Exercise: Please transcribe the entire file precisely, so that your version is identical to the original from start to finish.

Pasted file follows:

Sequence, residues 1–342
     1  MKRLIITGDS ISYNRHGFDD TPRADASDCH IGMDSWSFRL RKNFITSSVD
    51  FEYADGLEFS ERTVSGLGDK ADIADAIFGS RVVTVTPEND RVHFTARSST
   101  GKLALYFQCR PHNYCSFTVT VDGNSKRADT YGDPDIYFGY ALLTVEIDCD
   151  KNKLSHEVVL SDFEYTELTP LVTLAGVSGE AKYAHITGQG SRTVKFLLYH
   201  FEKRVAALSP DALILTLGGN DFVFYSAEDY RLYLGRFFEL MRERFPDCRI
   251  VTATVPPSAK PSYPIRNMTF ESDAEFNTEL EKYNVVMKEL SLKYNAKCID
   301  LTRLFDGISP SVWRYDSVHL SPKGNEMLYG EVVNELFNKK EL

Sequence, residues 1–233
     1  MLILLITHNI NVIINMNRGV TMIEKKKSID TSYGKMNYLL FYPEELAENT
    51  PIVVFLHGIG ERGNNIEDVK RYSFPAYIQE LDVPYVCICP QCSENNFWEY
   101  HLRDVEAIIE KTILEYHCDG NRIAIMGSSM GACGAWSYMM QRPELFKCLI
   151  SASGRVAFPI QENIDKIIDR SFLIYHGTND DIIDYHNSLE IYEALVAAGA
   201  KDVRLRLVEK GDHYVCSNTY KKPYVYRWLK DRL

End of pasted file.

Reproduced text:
Sequence, residues 1–342
     1  MKRLIITGDS ISYNRHGFDD TPRADASDCH IGMDSWSFRL RKNFITSSVD
    51  FEYADGLEFS ERTVSGLGDK ADIADAIFGS RVVTVTPEND RVHFTARSST
   101  GKLALYFQCR PHNYCSFTVT VDGNSKRADT YGDPDIYFGY ALLTVEIDCD
   151  KNKLSHEVVL SDFEYTELTP LVTLAGVSGE AKYAHITGQG SRTVKFLLYH
   201  FEKRVAALSP DALILTLGGN DFVFYSAEDY RLYLGRFFEL MRERFPDCRI
   251  VTATVPPSAK PSYPIRNMTF ESDAEFNTEL EKYNVVMKEL SLKYNAKCID
   301  LTRLFDGISP SVWRYDSVHL SPKGNEMLYG EVVNELFNKK EL

Sequence, residues 1–233
     1  MLILLITHNI NVIINMNRGV TMIEKKKSID TSYGKMNYLL FYPEELAENT
    51  PIVVFLHGIG ERGNNIEDVK RYSFPAYIQE LDVPYVCICP QCSENNFWEY
   101  HLRDVEAIIE KTILEYHCDG NRIAIMGSSM GACGAWSYMM QRPELFKCLI
   151  SASGRVAFPI QENIDKIIDR SFLIYHGTND DIIDYHNSLE IYEALVAAGA
   201  KDVRLRLVEK GDHYVCSNTY KKPYVYRWLK DRL